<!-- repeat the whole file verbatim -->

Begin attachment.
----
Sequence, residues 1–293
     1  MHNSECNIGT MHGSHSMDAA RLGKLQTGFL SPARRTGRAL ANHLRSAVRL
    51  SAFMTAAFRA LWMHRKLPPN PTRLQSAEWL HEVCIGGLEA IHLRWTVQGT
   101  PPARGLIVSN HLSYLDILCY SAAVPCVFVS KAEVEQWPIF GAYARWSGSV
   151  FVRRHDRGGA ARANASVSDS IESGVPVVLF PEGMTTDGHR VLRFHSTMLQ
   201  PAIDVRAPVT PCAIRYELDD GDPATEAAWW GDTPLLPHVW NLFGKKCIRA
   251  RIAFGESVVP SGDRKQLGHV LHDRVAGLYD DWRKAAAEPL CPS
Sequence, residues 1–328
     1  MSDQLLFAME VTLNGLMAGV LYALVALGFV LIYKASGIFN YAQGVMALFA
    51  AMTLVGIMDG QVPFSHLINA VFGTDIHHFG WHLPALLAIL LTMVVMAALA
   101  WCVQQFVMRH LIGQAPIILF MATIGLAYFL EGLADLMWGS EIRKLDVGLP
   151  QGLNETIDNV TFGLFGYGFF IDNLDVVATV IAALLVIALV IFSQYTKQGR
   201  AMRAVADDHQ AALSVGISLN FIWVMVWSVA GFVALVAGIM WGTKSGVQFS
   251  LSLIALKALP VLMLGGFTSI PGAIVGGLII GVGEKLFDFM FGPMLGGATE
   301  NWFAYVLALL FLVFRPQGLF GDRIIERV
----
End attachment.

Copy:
Sequence, residues 1–293
     1  MHNSECNIGT MHGSHSMDAA RLGKLQTGFL SPARRTGRAL ANHLRSAVRL
    51  SAFMTAAFRA LWMHRKLPPN PTRLQSAEWL HEVCIGGLEA IHLRWTVQGT
   101  PPARGLIVSN HLSYLDILCY SAAVPCVFVS KAEVEQWPIF GAYARWSGSV
   151  FVRRHDRGGA ARANASVSDS IESGVPVVLF PEGMTTDGHR VLRFHSTMLQ
   201  PAIDVRAPVT PCAIRYELDD GDPATEAAWW GDTPLLPHVW NLFGKKCIRA
   251  RIAFGESVVP SGDRKQLGHV LHDRVAGLYD DWRKAAAEPL CPS
Sequence, residues 1–328
     1  MSDQLLFAME VTLNGLMAGV LYALVALGFV LIYKASGIFN YAQGVMALFA
    51  AMTLVGIMDG QVPFSHLINA VFGTDIHHFG WHLPALLAIL LTMVVMAALA
   101  WCVQQFVMRH LIGQAPIILF MATIGLAYFL EGLADLMWGS EIRKLDVGLP
   151  QGLNETIDNV TFGLFGYGFF IDNLDVVATV IAALLVIALV IFSQYTKQGR
   201  AMRAVADDHQ AALSVGISLN FIWVMVWSVA GFVALVAGIM WGTKSGVQFS
   251  LSLIALKALP VLMLGGFTSI PGAIVGGLII GVGEKLFDFM FGPMLGGATE
   301  NWFAYVLALL FLVFRPQGLF GDRIIERV